Chatting with Strangers: A Post-CNY Guide

Chinese New Year can be really awkward for introverts. Or extrovertly introverts. Or extroverts who are occasionally introverts. You get the drift.

Over the past few years, I’ve emerged from the teenage phase when everything adults do seem silly, annoying or embarrassing and started to appreciate these mandatory social gatherings in a much more positive way.

With a few years of experience (of failing and succeeding), here’s my guide on chatting with strangers without dying of awkwardness/dryness.

1. Smile and Greet

Adults, especially the elders, can be super sensitive sometimes. As a teen/young adult, pay attention to whoever is making an entrance or approaching you. Smile and greet them. Because it’s polite and realistically speaking, you want to be in their good books and avoid becoming a target. Form allies.

“Hello uncle! Hello auntie! Happy CNY!”

“Hello! How should I address you ah? Ma~?”
(Friendly relatives/friends usually take that as a cue and would tell you what greaaat friends or relationship they had with your parents N years ago.

“Your mum and I? We used to be partners in crime you know? We used to…….”

Tada~ Start to a positive conversation where you participate but are not forced into the limelight. If you appear awkward, I swear their next question would be “Are you studying or working now?” #uh-oh)

2. Non-Constructive Patronizing aka positive signal

It’s not a Chinese thing – non-constructive patronizing conversations help ease us into the conversing part and to let us get a sense of how the other party feel about us.

So as uncool as it may seem, DO IT.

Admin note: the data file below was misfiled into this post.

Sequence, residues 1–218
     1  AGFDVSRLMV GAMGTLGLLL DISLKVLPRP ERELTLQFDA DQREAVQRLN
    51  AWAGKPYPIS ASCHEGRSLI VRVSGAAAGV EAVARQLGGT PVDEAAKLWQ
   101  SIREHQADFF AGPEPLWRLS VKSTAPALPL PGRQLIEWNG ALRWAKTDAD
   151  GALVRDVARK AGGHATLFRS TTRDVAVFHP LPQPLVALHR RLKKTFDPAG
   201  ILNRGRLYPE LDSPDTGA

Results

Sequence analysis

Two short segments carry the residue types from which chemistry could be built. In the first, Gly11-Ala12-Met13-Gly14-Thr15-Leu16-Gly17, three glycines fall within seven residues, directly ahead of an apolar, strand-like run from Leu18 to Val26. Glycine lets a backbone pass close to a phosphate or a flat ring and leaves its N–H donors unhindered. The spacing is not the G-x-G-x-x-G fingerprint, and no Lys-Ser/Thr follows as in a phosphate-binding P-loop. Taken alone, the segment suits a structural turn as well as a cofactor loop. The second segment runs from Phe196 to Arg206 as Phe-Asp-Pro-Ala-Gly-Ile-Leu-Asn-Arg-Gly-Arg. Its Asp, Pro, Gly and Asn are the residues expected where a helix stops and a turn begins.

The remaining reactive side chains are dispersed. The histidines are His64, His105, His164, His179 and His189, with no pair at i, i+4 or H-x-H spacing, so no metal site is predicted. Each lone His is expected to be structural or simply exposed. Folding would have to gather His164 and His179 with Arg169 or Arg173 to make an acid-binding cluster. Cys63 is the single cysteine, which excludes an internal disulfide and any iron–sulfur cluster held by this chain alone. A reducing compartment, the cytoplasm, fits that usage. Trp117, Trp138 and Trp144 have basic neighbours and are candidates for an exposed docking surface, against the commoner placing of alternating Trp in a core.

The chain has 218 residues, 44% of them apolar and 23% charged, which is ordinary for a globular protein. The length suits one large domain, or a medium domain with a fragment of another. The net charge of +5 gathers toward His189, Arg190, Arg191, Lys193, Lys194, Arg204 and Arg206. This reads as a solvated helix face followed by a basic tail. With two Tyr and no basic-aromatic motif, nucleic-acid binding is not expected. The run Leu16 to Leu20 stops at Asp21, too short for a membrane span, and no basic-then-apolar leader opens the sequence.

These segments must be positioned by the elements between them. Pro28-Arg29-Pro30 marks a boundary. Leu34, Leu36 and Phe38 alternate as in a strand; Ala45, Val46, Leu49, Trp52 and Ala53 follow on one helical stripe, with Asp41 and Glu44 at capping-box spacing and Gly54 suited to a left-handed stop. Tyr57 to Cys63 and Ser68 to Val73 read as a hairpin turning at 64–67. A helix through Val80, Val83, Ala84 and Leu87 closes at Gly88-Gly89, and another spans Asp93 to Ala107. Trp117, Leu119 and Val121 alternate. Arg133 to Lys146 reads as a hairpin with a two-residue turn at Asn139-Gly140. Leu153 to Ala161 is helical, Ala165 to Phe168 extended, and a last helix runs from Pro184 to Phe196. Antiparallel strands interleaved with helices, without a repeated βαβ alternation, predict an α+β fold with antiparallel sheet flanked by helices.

“Haven’t seen you in ages!”

“Eh that’s a really nice dress!!”

“What a coincidence to meet you here!”

Sadly though, some adults tend to try and bring the conversations towards the negative side. For example,

“Haven’t seen you in ages!”
‘Yeah lor, same pay but more work, damn sian and want to die.’

“Eh that’s a really nice dress!!”
‘Aiya it’s the only one that would fit lei. Damn hard to find clothes la.’

“What a coincidence to meet you here!”
‘No time la, unlike you guys so fortunate to lead a good life, can come often.’

Whatever it is, stay positive, light-hearted and shower them with sincere praises. Tell them life is already better than kampong days (haha, non-constructive FTW!) and they look great/young/fabulous. As soon as you condition the conversation right, it’s hard for them to find a problem with you.

3. Reading their language

Sadly, not all adults are done with the growing up. Some of them simply love the silence. Or they have no interest in you. So you got to learn to read their body language.

If they walk in, say hi and turn towards others, that means they aren’t interested in you. Get some rest. If you sense that they are not focusing on what you are saying, then just slowly fade out.

“…..aiyah. Like that lor. Anything bah I guess.”

If they are interested, they’ll sense the awkwardness and pick up the ball from there. If not, break time! Time to get back to Candy Crush/social media binging! Woots.

4. Taichi and Vagueness

And then there’s this group of… over-friendly/over-concerned relatives.

“How much are you earning at ____?”

“Got boyfriend or not?!”

“What you get for OLevels huh??”

There are a few reasons why some of them are so inquisitive.
A) They have nothing better to say
B) Competitive parents
C) They genuinely want to know you better

So feed them what they want! If you know their children are better than you, then you’re probably not the real reason behind their questions. So… do Taichi, and put them in the spotlight. Even if it means lying slightly, just take it as humility for peace la.

#Taichi

“How much are you earning at ____?”